After 18 months at rock bottom, olive oil wholesale prices are soaring and suppliers are warning of inevitable price hikes in-store.

Olive oil has been extraordinarily cheap recently because of unusually large crops in key EU countries, particularly Spain. But drought means the upcoming crop for 2012/13 is expected to be much smaller, with Spain’s output currently forecast to be down 40%, from 1.6 million tonnes to less than one million tonnes, on last season.

In an average year, Spain typically produces about 1.2 million tonnes of olive oil. The output from Greece and Italy is also forecast to be smaller.

Because of last year’s larger than expected harvest, there was quite a lot of carryover stock in the Med earlier this year, which helped keep a lid on price rises despite the poor forecasts for next season. But Greece and Italy have now sold out of carry-over stock, with the remainder concentrated in Spain. This had pushed up prices significantly, said Filippo Berio UK MD Walter Zanré. “It’s all in the hands of the Spanish now,” he added.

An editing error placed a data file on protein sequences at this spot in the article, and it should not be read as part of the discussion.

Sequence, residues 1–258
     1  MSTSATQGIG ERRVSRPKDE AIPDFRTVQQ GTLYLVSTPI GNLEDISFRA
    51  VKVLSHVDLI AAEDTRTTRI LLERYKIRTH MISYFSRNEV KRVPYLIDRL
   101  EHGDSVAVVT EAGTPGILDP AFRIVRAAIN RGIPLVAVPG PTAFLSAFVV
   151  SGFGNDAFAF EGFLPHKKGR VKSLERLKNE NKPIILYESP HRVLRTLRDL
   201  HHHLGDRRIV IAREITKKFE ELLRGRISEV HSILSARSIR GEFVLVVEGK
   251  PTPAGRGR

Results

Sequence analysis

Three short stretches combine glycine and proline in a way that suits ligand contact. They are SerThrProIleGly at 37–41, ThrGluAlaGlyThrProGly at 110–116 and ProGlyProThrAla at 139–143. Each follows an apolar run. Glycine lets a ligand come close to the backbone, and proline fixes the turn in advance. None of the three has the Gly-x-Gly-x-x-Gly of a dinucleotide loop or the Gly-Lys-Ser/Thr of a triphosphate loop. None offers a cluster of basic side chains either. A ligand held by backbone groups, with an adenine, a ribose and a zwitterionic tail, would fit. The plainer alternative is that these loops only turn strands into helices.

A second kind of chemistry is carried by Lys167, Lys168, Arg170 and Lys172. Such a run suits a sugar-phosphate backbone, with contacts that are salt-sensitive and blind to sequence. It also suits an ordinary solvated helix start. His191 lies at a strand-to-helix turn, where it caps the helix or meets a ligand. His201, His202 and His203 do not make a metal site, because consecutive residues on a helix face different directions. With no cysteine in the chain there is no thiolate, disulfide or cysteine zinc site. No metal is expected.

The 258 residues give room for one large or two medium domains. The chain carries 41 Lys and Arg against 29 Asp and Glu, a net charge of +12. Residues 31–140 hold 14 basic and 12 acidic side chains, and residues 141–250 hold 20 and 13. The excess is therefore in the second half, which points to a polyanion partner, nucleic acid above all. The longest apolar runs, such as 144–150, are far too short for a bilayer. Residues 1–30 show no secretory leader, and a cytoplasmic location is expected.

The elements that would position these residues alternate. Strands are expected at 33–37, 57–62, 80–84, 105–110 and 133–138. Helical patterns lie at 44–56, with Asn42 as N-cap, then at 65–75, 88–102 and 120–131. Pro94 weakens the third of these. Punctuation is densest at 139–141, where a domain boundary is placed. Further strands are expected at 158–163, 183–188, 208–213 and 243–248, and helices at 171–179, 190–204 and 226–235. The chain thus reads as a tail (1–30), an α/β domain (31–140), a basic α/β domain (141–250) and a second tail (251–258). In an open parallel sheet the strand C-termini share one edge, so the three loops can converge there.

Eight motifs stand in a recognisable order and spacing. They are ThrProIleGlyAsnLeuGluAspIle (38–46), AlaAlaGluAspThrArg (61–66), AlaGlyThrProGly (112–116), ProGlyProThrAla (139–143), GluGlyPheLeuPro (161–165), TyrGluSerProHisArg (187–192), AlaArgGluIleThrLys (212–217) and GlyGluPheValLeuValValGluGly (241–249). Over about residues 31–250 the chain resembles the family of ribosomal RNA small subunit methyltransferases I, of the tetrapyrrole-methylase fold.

Commodity risers and fallers 8 September 2012

Droughts in Ivory Coast and Ghana have pushed up cocoa butter prices ahead of the main crop harvest next month. Prices of cocoa butter have risen 28.7% over the past month and are up 22% year-on-year and some experts fear global cocoa supplies might be in deficit over the next year.

coffee and sugar have continued to fall because of good progress by crops in Brazil. The outlook for the EU sugar beet crop is good, too.

UK milling wheat prices fell 10.8% in the past month as the UK harvest starts to come in but remain 26.6% up year-on-year.

UK wholesale power prices have risen as a result of price hikes in natural gas and crude oil following maintenance shutdowns, Hurricane Isaac and sanctions against Iran.

Since the end of June, extra virgin olive oil prices have gone up 30% to about €2,750/t, according Zanré. “Everyone goes on holiday in August and there was some hope prices would settle down again in September, but that hasn’t happened - prices are still rising,” he said. “It also means it’s almost impossible to buy because everyone who has stock is sitting on it hoping the price will go up even further.”

Shortages on UK supermarket shelves were unlikely, Zanré said, but he expected wholesale prices to continue rising until November or December, when next season’s oil becomes available. Retail prices would have to respond, he added, although it was not yet possible to say by how much. “The price rises are such that they will have to be passed on.”